In early September, New York-headquartered Union Square Ventures (USV) made its first investment in India in an electric mobility infrastructure startup REVOS, which is building a peer-to-peer EV charging network. What made it noteworthy was that the money came from USV’s first dedicated climate fund, which closed earlier this year.
The deal signifies a subtle shift in the Indian startup and venture capital community toward the emerging trend of companies rolling up sleeves to tackle an existential threat—the climate crisis.
The climate crisis essentially implies an increase in average global temperatures.
“The world has ten years to halve global greenhouse gas emissions before we reach 1.5°C of global warming, beyond which scientists warn that dangerous impacts will kick in” noted PricewaterhouseCoopers (PwC) in its State of Climate Tech 2020 report.
Those impacts include alarming sea levels, extreme weather conditions like floods and droughts, and disastrous hurricanes, among other things. As such, these events are becoming far more common than a decade ago. Just this year, deadly floods disrupted Germany, Belgium, China, and India, scorching wildfires erupted in the US, Turkey, Greece, and Russia, and severe cyclones and hurricanes hit parts of India and the US.
A global awakening
While Indian technology startups building solutions to fight climate change and lower carbon emissions are just beginning to go mainstream, climate tech investments globally have risen sharply since the COVID-19 pandemic underlined the fragility of humankind. At USD 17 billion, 2020 witnessed the highest ever funding in the segment. And it took only six months in 2021 for climate tech startups across the globe to raise USD 14.2 billion, or 88% of what they received last year.
“The climate crisis isn’t some distant future event; it is happening here, now, as we are seeing all around the world with storms, forest fires, and heatwaves,” Albert Wenger, managing partner at USV, told KrASIA in an interview. “It will emerge as one of the biggest threats and challenges, but conversely also as one of the biggest opportunities for humanity over the next coming decades.”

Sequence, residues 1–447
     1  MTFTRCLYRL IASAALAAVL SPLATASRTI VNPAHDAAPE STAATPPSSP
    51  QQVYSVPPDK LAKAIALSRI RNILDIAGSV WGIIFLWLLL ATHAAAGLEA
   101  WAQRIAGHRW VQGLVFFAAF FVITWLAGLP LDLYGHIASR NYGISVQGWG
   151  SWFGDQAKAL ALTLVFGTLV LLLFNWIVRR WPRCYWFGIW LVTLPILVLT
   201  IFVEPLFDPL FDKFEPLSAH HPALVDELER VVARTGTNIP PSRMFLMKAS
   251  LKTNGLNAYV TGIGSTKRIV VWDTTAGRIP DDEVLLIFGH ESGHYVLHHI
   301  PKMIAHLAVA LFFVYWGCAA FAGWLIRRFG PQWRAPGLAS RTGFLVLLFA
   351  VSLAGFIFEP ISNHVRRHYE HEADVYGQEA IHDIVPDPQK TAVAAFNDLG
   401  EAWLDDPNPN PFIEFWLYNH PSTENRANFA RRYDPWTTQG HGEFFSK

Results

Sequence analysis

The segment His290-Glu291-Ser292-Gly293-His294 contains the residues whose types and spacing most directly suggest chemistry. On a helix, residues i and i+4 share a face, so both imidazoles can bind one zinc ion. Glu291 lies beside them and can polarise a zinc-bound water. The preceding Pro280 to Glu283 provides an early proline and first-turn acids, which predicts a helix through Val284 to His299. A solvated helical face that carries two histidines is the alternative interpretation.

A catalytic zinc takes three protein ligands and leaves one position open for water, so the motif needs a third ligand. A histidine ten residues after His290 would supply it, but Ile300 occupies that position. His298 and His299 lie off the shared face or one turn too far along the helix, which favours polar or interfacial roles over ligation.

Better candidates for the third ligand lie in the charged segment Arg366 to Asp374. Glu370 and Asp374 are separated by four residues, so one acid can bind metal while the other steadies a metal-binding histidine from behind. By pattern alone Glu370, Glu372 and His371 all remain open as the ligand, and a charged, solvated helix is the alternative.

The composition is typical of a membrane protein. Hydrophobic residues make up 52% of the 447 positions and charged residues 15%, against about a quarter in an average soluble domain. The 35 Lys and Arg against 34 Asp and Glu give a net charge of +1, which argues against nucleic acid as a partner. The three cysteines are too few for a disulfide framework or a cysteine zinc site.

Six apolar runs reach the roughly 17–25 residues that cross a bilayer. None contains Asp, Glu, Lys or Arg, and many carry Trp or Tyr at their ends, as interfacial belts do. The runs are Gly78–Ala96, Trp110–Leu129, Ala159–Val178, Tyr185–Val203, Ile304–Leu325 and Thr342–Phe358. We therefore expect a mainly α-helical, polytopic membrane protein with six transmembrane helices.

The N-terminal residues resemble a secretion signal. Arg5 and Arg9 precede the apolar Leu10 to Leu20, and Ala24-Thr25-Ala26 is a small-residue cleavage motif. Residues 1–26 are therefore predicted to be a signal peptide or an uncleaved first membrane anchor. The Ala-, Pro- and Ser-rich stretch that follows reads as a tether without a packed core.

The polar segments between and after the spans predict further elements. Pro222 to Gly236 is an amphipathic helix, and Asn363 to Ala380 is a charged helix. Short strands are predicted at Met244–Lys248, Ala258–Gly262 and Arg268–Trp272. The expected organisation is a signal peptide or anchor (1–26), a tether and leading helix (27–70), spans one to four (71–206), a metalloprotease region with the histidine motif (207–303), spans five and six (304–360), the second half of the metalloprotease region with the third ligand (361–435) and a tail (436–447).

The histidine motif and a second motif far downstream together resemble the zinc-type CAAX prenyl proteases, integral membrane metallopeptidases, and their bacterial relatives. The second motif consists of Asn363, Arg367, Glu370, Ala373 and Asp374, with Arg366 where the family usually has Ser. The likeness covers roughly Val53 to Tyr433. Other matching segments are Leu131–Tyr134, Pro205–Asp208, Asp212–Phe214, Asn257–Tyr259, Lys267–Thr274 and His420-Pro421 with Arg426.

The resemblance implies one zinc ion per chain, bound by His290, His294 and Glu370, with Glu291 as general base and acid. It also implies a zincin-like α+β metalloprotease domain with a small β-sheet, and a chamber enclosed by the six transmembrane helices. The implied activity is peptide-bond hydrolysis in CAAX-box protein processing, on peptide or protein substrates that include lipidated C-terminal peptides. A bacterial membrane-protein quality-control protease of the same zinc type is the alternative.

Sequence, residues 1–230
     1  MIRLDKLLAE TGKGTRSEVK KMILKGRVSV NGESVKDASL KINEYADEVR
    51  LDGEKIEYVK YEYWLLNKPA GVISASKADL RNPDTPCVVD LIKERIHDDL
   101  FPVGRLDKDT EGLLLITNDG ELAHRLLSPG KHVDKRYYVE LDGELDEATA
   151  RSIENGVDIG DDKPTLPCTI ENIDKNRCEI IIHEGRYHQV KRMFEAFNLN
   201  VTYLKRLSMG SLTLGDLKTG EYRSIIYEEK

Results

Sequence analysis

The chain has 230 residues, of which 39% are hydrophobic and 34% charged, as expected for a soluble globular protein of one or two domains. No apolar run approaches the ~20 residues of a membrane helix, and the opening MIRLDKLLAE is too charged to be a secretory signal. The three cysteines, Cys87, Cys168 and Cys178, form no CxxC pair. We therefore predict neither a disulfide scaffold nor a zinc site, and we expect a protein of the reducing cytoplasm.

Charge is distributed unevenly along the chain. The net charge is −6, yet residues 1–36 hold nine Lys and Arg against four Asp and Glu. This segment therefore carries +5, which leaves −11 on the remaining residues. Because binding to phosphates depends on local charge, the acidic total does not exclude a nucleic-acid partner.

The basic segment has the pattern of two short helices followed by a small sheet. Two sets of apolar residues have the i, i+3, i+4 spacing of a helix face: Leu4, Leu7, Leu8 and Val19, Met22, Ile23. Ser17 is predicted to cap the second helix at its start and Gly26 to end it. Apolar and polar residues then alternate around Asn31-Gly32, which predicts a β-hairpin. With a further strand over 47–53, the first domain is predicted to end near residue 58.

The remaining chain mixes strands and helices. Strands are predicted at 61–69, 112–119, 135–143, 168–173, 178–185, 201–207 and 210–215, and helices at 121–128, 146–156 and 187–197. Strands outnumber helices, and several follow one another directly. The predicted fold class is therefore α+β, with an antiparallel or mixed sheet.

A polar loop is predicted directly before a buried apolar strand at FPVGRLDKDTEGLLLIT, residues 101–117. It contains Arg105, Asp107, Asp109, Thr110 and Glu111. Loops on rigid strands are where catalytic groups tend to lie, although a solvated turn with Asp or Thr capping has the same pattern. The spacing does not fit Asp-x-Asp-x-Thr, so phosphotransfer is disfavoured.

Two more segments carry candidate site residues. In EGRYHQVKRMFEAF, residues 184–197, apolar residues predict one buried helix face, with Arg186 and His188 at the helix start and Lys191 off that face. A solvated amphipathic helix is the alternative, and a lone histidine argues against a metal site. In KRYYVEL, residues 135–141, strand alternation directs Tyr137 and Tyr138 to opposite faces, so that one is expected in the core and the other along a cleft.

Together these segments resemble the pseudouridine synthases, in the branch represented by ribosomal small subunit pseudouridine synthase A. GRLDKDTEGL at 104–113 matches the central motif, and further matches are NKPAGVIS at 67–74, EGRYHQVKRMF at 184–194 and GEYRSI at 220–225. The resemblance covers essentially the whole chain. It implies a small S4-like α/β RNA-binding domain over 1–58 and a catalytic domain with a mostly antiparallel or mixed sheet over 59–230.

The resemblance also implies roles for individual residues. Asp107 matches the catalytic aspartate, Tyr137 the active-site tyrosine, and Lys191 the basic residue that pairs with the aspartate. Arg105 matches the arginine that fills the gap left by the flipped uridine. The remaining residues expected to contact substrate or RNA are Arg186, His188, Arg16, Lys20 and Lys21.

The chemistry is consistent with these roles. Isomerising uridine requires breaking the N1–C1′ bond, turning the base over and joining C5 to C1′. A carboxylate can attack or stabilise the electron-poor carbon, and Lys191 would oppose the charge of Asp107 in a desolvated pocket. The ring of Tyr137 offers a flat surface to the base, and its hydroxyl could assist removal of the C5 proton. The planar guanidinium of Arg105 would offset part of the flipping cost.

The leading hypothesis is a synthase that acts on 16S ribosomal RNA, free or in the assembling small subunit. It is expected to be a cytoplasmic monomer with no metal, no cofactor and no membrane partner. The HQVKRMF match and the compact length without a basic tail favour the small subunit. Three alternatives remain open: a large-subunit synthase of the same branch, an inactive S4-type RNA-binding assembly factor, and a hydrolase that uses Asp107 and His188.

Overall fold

The nearly two-decade-old VC firm that has backed over 100 startups across North American and Europe, including Twitter, Etsy, and Stripe, has put aside USD 162 million for its climate fund.
“For our climate fund, there are two parts to the thesis. One is mitigation—(carbon) emission reduction—and the other is adaption (to climate change),” said Wenger.
USV isn’t the only one to wake up to the climate challenge. As global liquidity returned at the end of 2020, many heavyweight investors began pooling money to take on the monumental challenge. TPG attracted USD 5.4 billion for its Rise Climate Fund that was set up in early 2021, Lowercarbon Capital, a climate-tech focused fund founded by longtime investor Chris Sacca and his wife, Crystal Sacca, raised USD 800 million, Blackrock raised over USD 250 million for its climate finance fund to invest in emerging markets, and General Atlantic kicked off fundraising for a USD 4 billion climate tech fund.
Between January and July 2021, global investors “closed as many climate-focused funds as were raised during the previous five years combined,” said a note by financial data platform Pitchbook.
India—the third-largest emitter of greenhouse gasses that ranks seventh in the global climate risk index of 2021—is also seeing its share of capital—albeit small—flowing into the nascent space.
According to a September 2021 report by Impact Investors Council (IIC), Climate Collective, and Arete Advisors, 120 climate tech startups in India raised nearly USD 1.2 billion from 2016 through 2020. Of this, over USD 740 million came in 2019 and 2020 as Ola Electric’s almost USD 300 million funding pushed up the numbers. This year, there were more than two dozen deals in the agritech and energy sectors, including several that have a climate focus, it noted.